To Ulysses*

A poem by Alfred Tennyson


Ulysses, much-experienced man,
Whose eyes have known this globe of ours,
Her tribes of men, and trees, and flowers,
From Corrientes to Japan,


To you that bask below the Line,
I soaking here in winter wet–
The century’s three strong eights have met
To drag me down to seventy-nine


In summer if I reach my day–
To you, yet young, who breathe the balm
Of summer-winters by the palm
And orange grove of Paraguay,


I tolerant of the colder time,
Who love the winter woods, to trace
On paler heavens the branching grace
Of leafless elm, or naked lime,


And see my cedar green, and there
My giant ilex keeping leaf
When frost is keen and days are brief–
Or marvel how in English air


My yucca, which no winter quells,
Altho’ the months have scarce begun,
Has push’d toward our faintest sun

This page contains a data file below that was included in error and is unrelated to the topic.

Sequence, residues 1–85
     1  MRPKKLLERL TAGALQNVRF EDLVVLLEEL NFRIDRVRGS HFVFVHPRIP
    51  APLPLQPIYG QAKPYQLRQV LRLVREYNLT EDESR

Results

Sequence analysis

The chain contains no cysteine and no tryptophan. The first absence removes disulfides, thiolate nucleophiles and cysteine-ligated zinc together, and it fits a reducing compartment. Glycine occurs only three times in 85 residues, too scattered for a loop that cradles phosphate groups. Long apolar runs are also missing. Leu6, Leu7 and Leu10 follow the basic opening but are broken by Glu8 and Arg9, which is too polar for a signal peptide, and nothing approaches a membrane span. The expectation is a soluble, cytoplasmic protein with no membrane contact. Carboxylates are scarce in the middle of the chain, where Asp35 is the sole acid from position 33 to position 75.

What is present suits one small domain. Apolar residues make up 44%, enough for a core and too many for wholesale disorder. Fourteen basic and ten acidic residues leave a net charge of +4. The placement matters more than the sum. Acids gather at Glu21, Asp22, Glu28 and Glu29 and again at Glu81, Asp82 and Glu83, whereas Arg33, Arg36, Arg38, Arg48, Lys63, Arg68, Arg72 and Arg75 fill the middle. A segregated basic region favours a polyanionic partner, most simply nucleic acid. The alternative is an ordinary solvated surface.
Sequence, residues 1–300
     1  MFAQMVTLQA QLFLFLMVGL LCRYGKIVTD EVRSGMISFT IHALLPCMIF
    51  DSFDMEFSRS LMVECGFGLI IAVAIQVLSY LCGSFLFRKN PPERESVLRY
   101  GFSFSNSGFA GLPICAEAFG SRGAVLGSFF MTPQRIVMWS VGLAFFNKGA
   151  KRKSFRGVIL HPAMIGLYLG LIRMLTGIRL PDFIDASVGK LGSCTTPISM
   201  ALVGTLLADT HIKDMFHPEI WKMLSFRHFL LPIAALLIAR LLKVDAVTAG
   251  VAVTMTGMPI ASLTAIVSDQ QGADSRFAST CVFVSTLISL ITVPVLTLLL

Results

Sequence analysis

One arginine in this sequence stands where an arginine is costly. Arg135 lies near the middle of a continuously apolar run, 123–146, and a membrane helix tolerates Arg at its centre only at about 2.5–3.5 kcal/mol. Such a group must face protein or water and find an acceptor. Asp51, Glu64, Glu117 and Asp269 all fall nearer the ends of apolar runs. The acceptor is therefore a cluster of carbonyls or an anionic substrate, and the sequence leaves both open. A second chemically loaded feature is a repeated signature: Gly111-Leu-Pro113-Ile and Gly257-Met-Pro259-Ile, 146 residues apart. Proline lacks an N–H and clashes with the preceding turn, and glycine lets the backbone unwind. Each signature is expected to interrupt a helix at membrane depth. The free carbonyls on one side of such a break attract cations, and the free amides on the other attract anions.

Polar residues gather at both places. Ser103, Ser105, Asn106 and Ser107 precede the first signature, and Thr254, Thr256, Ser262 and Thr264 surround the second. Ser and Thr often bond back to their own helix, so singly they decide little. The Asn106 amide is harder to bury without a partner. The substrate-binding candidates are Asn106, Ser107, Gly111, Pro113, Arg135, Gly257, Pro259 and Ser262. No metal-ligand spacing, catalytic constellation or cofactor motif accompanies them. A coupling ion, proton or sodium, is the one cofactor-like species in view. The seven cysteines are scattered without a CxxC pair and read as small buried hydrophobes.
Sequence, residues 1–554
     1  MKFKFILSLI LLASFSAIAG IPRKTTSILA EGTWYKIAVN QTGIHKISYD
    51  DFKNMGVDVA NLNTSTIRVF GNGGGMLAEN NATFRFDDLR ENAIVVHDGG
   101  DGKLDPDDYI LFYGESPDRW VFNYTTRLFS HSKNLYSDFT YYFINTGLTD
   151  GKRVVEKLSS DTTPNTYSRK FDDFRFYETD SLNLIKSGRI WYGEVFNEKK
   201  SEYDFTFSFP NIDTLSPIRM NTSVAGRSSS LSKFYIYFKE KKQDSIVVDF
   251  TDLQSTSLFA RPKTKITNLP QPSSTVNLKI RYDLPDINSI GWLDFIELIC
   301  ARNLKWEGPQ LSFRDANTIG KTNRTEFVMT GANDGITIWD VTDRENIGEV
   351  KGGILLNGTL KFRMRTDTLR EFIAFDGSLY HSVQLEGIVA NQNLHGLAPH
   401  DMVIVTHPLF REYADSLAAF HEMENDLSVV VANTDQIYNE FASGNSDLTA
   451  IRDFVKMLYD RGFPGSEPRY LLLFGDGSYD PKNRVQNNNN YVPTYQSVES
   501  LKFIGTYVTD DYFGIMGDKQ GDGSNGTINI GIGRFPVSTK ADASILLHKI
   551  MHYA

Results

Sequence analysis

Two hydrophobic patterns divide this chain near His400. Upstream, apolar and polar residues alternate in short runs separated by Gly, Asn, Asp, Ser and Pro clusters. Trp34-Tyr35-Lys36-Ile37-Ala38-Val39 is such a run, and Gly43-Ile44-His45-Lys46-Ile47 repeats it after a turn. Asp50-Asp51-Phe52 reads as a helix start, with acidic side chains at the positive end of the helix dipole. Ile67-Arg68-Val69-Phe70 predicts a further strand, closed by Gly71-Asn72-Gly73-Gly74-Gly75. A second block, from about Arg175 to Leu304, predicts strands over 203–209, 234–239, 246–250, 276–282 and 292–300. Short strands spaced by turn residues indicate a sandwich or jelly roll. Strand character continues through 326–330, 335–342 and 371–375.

A spike of half-accomplish’d bells–


Or watch the waving pine which here
The warrior of Caprera set,*
A name that earth will not forget
Till earth has roll’d her latest year–


I, once half-crazed for larger light
On broader zones beyond the foam,
But chaining fancy now at home
Among the quarried downs of Wight,


Not less would yield full thanks to you
For your rich gift, your tale of lands
I know not,* your Arabian sands;
Your cane, your palm, tree-fern, bamboo,


The wealth of tropic bower and brake;
Your Oriental Eden-isles,*
Where man, nor only Nature smiles;
Your wonder of the boiling lake;*


Phra-Chai, the Shadow of the Best,*
Phra-bat* the step; your Pontic coast;
Crag-cloister;* Anatolian Ghost;*
Hong-Kong,* Karnac,* and all the rest.


Thro’ which I follow’d line by line
Your leading hand, and came, my friend,
To prize your various book, and send
A gift of slenderer value, mine.

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